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Beach Tennis, Anyone?
By Blair Henley
(September 19, 2012) -- What do you get when you mix in some sand, a net, a depressurized ball, and a paddle? Perhaps not surprisingly, the answer is a sport called Beach Tennis -- and it could be the wave of the future.
Also known as
, the game is gaining steam in the United States thanks in part to the efforts of former real estate developer Marc Altheim. When he stumbled across the sport seven years ago while vacationing in Aruba, Altheim left convinced that Americans needed to give it a try. The self-described “total racquet guy” set out on a one-man mission to bring Beach Tennis to the masses.
Best described as a cross between tennis and beach volleyball, Beach Tennis is played on a 26 ¼ by 52 ½ foot court (approximately the same width as a tennis singles court, but about 26 feet shorter in total) with a 5’7” net if played on sand. Competitors can play singles, doubles, three on three, or even four on four. Scoring is 15-30-40 with no advantage at deuce and no second serve.
The most attractive aspect of the game is perhaps its versatility: It can also be played on grass, snow, and even concrete! Of course, many die-hard fans and players prefer the original version.
“I like to become a chicken cutlet when I play,” said an enthusiastic Altheim. “You’re all battered up with sweat and then you dive in the sand and it sticks to you.”
Altheim founded what is now the governing body of Beach Tennis – Beach Tennis USA. He put together a board of advisors that includes, among others, the Director of Tennis at the
Billie Jean King National Tennis Center
WTA pros Daniela Hantuchova and Peng Shuai give Beach Tennis a try.
With nearly 30 years of tennis experience under his belt, Kraft’s Beach Tennis involvement speaks to its appeal and potential as an avenue for developing young athletes. In fact, the Beach Tennis USA website boasts that “beginners can get a rally going within minutes.”
“As a coach I see tremendous opportunity to train youth with long term athletic development in mind,” Kraft said. “The tough-to-capture teen market has shown a fondness for Beach Tennis. I’ve seen teens totally immerse themselves for hours with round robin play. Designating a music DJ, using misting fans, and ‘South Beach style’ cabana build-outs all add to the coolness of the sport.”
In response to the growing popularity of Beach Tennis, the
International Tennis Federation
signed on to oversee the game worldwide. The involvement of the ITF has helped unify the sport, sanctioning tournaments and laying out an international pro circuit calendar.
While it’s still difficult for professionals to make a living on the Beach Tennis tour (prize money pools max out at about $25,000 for the largest tournaments), the game is thriving internationally. A quick glance at the ITF Beach Tennis rankings and it’s easy to see where the Beach Tennis powerhouses are located. The Italians are credited with the creation of the game over 30 years ago, so it’s no surprise they currently dominate the men’s and women’s top 10. Brazilians, too, are known for their stellar play on the professional circuit.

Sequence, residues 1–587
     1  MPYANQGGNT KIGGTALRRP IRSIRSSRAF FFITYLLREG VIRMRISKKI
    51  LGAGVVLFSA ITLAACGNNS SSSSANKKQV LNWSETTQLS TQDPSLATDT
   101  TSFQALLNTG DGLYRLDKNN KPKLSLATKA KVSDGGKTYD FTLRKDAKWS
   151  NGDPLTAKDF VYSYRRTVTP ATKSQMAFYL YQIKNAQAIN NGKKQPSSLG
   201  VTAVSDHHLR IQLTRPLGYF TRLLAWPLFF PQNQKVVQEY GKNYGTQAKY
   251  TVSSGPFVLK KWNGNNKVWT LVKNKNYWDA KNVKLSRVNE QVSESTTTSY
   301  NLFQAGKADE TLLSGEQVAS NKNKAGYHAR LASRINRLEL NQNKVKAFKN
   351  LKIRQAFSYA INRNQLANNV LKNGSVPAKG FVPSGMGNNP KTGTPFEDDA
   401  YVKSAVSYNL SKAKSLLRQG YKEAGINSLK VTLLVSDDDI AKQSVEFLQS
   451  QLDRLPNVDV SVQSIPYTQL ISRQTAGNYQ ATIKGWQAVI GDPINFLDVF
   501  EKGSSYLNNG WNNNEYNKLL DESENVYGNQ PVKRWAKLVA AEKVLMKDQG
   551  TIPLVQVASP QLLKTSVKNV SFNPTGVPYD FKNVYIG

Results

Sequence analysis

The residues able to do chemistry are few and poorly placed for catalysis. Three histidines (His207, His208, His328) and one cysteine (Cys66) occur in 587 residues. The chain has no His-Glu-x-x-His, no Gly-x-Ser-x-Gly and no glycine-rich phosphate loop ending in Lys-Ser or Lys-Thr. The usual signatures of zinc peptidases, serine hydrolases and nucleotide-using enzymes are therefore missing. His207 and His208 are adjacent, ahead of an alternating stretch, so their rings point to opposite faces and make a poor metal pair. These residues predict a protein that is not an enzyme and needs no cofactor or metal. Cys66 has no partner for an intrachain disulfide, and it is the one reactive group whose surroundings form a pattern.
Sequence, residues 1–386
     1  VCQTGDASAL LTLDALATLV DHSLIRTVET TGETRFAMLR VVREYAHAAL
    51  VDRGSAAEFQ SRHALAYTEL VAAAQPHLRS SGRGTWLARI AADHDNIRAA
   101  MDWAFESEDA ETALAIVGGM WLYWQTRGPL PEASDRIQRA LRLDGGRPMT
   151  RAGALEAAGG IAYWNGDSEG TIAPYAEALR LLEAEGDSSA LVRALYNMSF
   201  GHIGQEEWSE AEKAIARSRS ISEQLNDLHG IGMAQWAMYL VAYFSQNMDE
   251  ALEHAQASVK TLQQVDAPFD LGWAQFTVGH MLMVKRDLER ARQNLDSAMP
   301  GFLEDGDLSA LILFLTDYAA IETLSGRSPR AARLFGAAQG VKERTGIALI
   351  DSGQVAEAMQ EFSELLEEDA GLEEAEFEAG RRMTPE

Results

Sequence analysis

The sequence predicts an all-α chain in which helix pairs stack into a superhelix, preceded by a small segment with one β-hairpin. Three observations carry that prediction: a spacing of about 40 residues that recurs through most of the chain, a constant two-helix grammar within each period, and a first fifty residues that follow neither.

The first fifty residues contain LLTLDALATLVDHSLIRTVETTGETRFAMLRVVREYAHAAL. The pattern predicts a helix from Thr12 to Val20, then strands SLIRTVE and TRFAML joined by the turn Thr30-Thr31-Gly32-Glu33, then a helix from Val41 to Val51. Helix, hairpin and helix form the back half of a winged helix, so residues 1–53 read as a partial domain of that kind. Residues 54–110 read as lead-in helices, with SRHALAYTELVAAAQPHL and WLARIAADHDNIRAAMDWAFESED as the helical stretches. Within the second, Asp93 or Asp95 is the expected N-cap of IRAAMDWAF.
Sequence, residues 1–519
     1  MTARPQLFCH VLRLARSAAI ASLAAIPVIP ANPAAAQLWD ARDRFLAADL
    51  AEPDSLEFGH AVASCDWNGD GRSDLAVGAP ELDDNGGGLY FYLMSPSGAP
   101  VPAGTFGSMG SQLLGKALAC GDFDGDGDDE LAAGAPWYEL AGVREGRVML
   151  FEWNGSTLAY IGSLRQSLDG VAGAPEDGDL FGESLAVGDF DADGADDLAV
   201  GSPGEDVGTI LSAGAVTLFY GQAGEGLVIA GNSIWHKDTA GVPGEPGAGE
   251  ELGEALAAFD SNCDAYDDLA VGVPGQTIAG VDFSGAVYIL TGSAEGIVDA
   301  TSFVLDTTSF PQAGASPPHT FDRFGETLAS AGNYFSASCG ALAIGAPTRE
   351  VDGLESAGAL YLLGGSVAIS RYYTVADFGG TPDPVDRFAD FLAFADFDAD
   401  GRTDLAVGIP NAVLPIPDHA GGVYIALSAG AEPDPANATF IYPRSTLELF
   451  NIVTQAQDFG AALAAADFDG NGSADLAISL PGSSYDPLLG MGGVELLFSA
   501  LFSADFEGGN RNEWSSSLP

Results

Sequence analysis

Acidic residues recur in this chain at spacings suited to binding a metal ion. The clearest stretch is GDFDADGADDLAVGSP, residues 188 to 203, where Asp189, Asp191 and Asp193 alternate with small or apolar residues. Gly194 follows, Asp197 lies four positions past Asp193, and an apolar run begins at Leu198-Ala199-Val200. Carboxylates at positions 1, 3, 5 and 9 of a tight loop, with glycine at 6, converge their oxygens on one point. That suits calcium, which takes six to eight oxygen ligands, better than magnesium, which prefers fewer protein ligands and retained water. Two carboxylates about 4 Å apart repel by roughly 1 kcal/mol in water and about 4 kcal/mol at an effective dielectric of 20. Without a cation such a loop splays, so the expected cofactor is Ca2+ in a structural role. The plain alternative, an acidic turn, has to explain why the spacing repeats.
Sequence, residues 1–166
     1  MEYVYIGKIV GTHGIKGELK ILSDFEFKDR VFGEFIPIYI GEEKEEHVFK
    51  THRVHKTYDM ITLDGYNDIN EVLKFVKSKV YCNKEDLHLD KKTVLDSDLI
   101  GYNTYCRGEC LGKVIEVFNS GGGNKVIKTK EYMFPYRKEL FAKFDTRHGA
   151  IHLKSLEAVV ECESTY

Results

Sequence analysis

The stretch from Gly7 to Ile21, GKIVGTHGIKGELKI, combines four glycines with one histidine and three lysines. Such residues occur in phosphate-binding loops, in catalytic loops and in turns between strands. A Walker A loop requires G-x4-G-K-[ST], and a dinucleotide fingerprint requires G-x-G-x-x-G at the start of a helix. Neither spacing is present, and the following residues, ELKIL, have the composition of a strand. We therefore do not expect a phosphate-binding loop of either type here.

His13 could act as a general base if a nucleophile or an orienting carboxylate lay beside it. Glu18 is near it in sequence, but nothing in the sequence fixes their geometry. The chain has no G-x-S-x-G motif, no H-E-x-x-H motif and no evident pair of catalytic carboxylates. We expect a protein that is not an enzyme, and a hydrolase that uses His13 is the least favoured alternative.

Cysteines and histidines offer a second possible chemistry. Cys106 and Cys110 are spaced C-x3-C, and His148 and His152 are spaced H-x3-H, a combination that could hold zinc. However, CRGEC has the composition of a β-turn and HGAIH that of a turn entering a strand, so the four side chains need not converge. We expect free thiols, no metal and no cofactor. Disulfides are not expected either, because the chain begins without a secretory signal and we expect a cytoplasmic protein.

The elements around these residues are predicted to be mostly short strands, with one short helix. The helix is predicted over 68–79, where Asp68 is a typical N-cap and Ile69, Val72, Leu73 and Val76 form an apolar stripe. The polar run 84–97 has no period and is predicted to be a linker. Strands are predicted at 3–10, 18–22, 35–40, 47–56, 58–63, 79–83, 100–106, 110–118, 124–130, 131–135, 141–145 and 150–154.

While most American professional Beach Tennis players made the transition to the game after playing or teaching “regular” tennis for years, many international players have never picked up a tennis racquet. In fact, Beach Tennis lessons are nearly as common in Italy as tennis lessons are in the States.
Altheim claims the appeal is in the simplicity.
“Everyone has played a version of this,” he said. “You know, in your basement over your couch with a tennis racket and Nerf ball.”
With that philosophy in mind, Beach Tennis USA has focused on making the game more accessible. Finding inspiration in the USTA’s
nets, Altheim put together
mini Beach Tennis systems
players can buy and erect wherever they please.
“We also created a physical education unit plan and curriculum for P.E.,” he explained. “This gives a great vehicle for any kid to realize that they, too, can play a sport. As a result of our efforts, some Long Island schools are introducing it to their P.E. programs this fall.”
has yet to become involved in the promotion of Beach Tennis, the grassroots effort to grow the sport has resulted in its inclusion in the 2015 Pan Am Games. Altheim hopes such exposure will help catapult Beach Tennis from “niche sport” to racquet-sport revolution.
“I believe that within five years, Beach Tennis will be something you won’t have to explain,” Altheim said, describing his long term vision. “I think it will be part of the culture.”
As tennis players and coaches realize the cross-sport promotional opportunities available with Beach Tennis, continued growth seems inevitable. Earlier this year, one of the oldest and most prestigious tennis clubs in the country, Merion Cricket Club in Haverford, Penn., set up several All-Volley Tennis nets on its pristine grass courts. The
, decked out in all-white tennis duds, loved the experience.
“When you have a game played with racquets, transition tennis balls, a net, and the name tennis embedded in the messaging, you can’t miss,” confirms coach Kraft. “Couple that with exposure in non-traditional tennis locales (i.e. beaches, lakefronts, schoolyards, etc.)…and you’ve got to believe folks are going to want to play tennis as well!”
With over 150,000 Beach Tennis players worldwide, Altheim sees the game gaining momentum much like snowboarding did in the 1980’s and 90’s. And while worldwide Beach/All-Volley Tennis participation is his end goal, Altheim’s immediate focus is much more elementary.
“I sacrificed a lot to grow a sport that I love. I just like to make people smile.”
(Photo Credit: Beach Tennis USA)
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